Low vaccination rates leave small schools in Ariz. vulnerable to measles

In Arizona, kindergarten students in smaller schools are at higher risk for contracting vaccine preventable diseases like the measles, according to The Arizona Republic.

While the Arizona Department of Health Services makes vaccination rates for schools with kindergarten classes consisting of more than 20 students publicly available, the department does not release the same rates for schools with 20 or fewer students enrolled in kindergarten, citing protection of student privacy. The Republic obtained records for these schools by seeking vaccination rates and enrollment data without school names.

The Republic's analysis revealed a majority of small schools in the state reported less than 95 percent of kindergartners had received the measles, mumps and rubella vaccine. This places these schools below the rate required to develop herd immunity. Dozens of other small schools reported MMR vaccination rates below 75 percent for kindergartners, making these students particularly vulnerable to measles outbreaks.

Maricopa County (Ariz.) Department of Health Director Bob England, MD, said he was surprised by The Republic's findings.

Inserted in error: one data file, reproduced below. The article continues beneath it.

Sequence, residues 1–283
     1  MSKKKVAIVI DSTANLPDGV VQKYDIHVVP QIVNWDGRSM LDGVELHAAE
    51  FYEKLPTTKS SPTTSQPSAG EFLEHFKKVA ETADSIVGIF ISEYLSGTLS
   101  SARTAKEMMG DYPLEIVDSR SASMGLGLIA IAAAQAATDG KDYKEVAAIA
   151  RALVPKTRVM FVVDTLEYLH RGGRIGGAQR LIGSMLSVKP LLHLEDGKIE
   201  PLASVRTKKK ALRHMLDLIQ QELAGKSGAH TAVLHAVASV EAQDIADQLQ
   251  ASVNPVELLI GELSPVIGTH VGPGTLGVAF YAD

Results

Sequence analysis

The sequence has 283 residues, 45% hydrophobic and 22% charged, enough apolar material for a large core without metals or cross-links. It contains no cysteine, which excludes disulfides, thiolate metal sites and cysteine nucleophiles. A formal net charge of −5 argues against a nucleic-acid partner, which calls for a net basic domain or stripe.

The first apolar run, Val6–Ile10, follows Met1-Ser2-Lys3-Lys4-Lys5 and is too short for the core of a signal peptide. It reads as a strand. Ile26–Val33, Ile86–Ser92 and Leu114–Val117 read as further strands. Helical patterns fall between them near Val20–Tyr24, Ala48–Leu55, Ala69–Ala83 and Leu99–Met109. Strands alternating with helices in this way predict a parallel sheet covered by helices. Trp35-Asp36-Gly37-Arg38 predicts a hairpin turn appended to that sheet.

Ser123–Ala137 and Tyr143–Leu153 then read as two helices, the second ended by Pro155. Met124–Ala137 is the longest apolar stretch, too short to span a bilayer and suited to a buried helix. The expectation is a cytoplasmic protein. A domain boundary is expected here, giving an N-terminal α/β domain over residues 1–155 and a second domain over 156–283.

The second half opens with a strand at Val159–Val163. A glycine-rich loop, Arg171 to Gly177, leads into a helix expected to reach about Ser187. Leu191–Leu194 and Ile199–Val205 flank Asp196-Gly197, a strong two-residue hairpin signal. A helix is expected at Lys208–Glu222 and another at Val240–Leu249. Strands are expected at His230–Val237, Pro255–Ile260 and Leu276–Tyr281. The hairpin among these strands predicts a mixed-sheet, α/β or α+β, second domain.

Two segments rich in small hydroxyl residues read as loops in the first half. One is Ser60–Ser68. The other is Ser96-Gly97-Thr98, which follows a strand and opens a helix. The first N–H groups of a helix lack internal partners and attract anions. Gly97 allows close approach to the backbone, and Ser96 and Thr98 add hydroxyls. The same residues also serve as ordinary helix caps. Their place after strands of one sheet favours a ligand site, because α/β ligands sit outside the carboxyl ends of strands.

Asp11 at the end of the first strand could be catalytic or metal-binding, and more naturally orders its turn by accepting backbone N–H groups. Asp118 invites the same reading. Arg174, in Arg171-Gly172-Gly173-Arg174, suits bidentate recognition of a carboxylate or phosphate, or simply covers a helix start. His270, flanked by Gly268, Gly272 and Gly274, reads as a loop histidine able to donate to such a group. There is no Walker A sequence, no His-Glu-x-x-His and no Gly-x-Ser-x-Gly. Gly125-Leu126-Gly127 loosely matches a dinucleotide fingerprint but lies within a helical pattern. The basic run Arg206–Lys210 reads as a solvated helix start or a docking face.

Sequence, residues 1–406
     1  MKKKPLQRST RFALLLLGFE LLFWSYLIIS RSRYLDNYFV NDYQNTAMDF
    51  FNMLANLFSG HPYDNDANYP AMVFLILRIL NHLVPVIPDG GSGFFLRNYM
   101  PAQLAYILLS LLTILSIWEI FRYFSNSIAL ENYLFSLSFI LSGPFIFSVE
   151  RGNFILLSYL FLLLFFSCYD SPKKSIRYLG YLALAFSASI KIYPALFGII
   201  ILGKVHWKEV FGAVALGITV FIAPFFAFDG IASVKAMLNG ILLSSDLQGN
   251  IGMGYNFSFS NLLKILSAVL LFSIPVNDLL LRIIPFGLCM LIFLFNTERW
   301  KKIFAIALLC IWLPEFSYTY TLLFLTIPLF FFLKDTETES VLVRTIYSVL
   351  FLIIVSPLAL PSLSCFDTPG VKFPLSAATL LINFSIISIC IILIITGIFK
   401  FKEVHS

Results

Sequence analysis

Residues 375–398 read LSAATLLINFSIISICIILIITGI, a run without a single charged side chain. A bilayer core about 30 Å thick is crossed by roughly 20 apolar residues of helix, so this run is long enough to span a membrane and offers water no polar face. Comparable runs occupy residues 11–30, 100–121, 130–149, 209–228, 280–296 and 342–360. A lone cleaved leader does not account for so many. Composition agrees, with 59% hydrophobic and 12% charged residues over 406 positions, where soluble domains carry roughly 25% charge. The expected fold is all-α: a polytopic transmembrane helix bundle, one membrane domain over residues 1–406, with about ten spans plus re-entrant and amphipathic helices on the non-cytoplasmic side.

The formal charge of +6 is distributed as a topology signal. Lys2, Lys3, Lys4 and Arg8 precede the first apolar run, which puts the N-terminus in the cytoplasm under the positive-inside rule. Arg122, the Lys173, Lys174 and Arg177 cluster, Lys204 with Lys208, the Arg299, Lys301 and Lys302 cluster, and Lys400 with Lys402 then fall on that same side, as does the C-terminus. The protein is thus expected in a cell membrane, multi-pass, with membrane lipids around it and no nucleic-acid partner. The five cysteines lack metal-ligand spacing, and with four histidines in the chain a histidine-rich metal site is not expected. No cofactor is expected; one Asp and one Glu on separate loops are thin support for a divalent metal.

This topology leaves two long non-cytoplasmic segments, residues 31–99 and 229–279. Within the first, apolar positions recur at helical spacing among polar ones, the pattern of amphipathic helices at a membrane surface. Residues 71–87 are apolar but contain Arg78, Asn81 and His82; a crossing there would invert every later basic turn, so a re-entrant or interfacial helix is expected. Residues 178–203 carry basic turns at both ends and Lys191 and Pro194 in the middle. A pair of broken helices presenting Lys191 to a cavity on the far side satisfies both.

"I'm sure going to ask for [small-school data] from now on so we can keep track of it," said Dr. England. "We've always tolerated the fact that this isn't available to parents in really small school settings...so maybe that's part of the problem."

This summer, a Maricopa County resident became infected with the measles during an outbreak related to a detention center in Pinal County. The outbreak infected 22 people and exposed thousands. The spread of measles was linked to low vaccination rates among employees of the detention center.

More articles on infection control:
Bloodstream infections fiscally burdensome for pediatric ambulatory patients 
Michigan health officials call on colleges to improve immunization efforts 
Genetic data on antibiotic-resistant Salmonella released

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